Many religious or spiritual systems dealing with mystical experiences have a concept of gnosis. It is contrasted with rational knowledge in that it is based on a personal and usually profound experience, and is set apart from faith in that it doesn’t appeal to a sense of acceptance or emotional argument.1 Gnosis is a Greek word, γνῶσις, and while it translates as “knowledge,” it is not the only Greek word to do so. To understand what it means, it needs to be compared to two other words with similar meanings, epistēmē (ἐπιστήμη) and pistis (πίστις).
Two Types of Knowledge
While epistēmē indicates general knowledge, gnosis indicates knowledge that is personal. Epistēmē is rational knowledge formed from empirical observation or reasoning, the knowledge of a doubting mind attempting to make sense of the world around it. When knowledge falls in this category, it is of the sort that is useful and agreed-upon by everybody capable of comprehending it. Gnosis, however, is based on a personal experience. John Michael Greer writes this about gnosis:
[Gnosis] is not a matter of ordinary learning but a personal experience of spiritual truth. The Gnostic is not interested in belief; he or she wants to know, directly and personally, the spiritual realities of the cosmos.2
Gnosis and Faith
Pistis is the Greek word for faith. While gnosis is similar to faith, there is an important difference. Faith can be defined by dogma, and is primarily intellectual and emotional in character. Gnosis, on the other hand, is defined by personal insight, and is spiritual and critically experiential in character. While you might feel faith, you experience gnosis.3
Hermeticism, like Christian Gnosticism, is concerned with the experience of gnosis. Hermes Trismegistus tries to describe the gnostic experience several times throughout the Corpus Hermeticum. For example:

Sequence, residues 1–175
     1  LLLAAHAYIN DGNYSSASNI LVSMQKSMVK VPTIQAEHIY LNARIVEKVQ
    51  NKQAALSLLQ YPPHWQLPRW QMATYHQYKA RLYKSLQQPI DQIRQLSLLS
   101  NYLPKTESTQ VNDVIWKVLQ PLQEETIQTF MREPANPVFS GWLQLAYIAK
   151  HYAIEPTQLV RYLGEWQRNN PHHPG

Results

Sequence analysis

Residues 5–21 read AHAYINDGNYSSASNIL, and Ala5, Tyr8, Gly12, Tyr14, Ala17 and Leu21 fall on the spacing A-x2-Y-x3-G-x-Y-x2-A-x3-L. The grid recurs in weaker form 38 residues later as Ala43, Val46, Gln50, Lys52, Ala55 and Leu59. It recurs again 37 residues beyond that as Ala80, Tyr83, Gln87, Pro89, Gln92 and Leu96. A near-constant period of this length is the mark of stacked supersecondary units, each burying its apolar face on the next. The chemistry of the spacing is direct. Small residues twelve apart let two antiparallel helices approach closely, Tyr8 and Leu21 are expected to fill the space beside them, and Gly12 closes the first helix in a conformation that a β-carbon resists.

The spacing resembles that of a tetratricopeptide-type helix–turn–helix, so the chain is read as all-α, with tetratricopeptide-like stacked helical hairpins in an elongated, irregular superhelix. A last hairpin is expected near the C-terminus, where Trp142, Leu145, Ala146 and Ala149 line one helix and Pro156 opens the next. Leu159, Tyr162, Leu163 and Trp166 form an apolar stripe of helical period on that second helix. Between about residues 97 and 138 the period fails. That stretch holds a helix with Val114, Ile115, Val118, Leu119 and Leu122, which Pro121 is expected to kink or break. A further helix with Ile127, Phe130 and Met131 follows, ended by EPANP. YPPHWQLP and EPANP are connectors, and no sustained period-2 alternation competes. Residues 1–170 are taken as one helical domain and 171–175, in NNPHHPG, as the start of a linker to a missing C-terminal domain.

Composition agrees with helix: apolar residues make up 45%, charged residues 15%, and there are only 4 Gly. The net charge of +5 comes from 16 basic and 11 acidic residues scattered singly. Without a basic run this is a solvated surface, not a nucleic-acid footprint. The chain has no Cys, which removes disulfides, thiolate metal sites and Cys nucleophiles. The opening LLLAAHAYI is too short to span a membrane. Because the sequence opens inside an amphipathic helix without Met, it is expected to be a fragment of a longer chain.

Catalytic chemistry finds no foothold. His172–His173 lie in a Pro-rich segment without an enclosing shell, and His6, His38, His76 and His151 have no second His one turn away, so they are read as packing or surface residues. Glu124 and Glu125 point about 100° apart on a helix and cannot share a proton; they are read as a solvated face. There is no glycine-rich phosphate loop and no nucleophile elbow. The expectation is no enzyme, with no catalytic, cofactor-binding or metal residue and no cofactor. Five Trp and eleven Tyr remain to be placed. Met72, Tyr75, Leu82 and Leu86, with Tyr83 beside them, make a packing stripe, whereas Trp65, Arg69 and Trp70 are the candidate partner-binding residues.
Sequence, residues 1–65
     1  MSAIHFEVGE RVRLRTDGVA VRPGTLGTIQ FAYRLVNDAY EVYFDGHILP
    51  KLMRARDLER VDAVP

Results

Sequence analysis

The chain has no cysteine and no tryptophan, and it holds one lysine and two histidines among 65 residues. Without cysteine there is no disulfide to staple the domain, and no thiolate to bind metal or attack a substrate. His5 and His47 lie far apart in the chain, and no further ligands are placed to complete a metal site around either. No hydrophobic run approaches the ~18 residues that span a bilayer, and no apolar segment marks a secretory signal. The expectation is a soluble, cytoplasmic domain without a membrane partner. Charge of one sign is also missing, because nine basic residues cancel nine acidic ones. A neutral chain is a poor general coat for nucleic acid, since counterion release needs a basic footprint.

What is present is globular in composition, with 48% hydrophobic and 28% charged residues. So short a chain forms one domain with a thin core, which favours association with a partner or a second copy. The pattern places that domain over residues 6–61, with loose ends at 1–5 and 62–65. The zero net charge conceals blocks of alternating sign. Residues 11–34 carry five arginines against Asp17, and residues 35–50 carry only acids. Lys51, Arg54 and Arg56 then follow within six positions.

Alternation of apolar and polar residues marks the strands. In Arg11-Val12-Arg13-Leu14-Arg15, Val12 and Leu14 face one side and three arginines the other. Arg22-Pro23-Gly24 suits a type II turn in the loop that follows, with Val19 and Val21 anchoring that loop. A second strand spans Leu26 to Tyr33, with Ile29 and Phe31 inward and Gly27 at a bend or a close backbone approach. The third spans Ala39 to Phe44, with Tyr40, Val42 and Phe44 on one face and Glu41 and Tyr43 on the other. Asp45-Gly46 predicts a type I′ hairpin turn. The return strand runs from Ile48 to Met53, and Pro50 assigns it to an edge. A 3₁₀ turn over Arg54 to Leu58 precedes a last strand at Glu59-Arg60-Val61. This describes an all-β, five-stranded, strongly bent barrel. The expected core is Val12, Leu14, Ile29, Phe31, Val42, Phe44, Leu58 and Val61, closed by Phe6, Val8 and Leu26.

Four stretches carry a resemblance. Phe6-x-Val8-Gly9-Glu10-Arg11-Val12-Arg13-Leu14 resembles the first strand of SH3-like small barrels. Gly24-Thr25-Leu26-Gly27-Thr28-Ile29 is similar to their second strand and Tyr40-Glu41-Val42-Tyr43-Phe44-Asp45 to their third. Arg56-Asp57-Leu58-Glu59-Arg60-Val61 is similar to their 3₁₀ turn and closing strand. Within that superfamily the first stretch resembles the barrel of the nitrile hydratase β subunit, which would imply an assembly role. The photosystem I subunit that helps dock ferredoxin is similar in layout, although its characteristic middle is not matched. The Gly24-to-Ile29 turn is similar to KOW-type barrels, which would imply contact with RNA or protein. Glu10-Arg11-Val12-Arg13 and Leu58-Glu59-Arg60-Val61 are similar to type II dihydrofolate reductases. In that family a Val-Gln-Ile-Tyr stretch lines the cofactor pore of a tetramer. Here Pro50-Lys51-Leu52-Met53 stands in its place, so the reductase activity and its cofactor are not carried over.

I have only this to tell: I see within me a formless vision born by the mercy of God. I have come out of my former self into an immortal body. I am not now what I was before. For I have been born in Nous. Such a thing is not taught, nor can it be seen by the physical body.
Corpus Hermeticum XIII.34
Personal and Experiential
To put it simply, gnosis is knowledge that comes from a direct mystical experience. It cannot be passed along to another person like knowledge of mathematics or history. It also cannot come through an emotional appeal to intellect, such as with religious conversion. Gnosis is knowledge that must be experienced to be received.
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Lachman, Gary. The Quest for Hermes Trismegistus: From Ancient Egypt to the Modern World. Floris Books, 2011. 23-7. ↩
Greer, John Michael. “Gnosticism.” In The New Encyclopedia of the Occult, 196. St. Paul, MN: Llewellyn Publications, 2003. ↩
Brons, David. “Faith (pistis) and Knowledge (gnosis).” The Gnostic Society Library – Valentinus and the Valentinian Tradition. Accessed March 21, 2016. http://www.gnosis.org/library/valentinus/Faith_Knowledge.htm. ↩
Salaman, Clement, trans. The Way of Hermes: Translations of The Corpus Hermeticum and the Definitions of Hermes Trismegistus to Asclepius. Rochester, VT: Inner Traditions, 2000. ↩
I like that your explanation differentiates between external experience and internal understanding. In this weeks lectionary (John 10:25) ἀπεκρίθη αὐτοῖς ὁ Ἰησοῦς· εἶπον ὑμῖν καὶ οὐ πιστεύετε· τὰ ἔργα ἃ ἐγὼ ποιῶ ἐν τῷ ὀνόματι τοῦ πατρός μου ταῦτα μαρτυρεῖ περὶ ἐμοῦ· ….makes me wonder what things people experienced that caused them to believe the things they did about Jesus. Anyhow, that is the art of translation, to try to figure out what the words meant to the people who wrote them.
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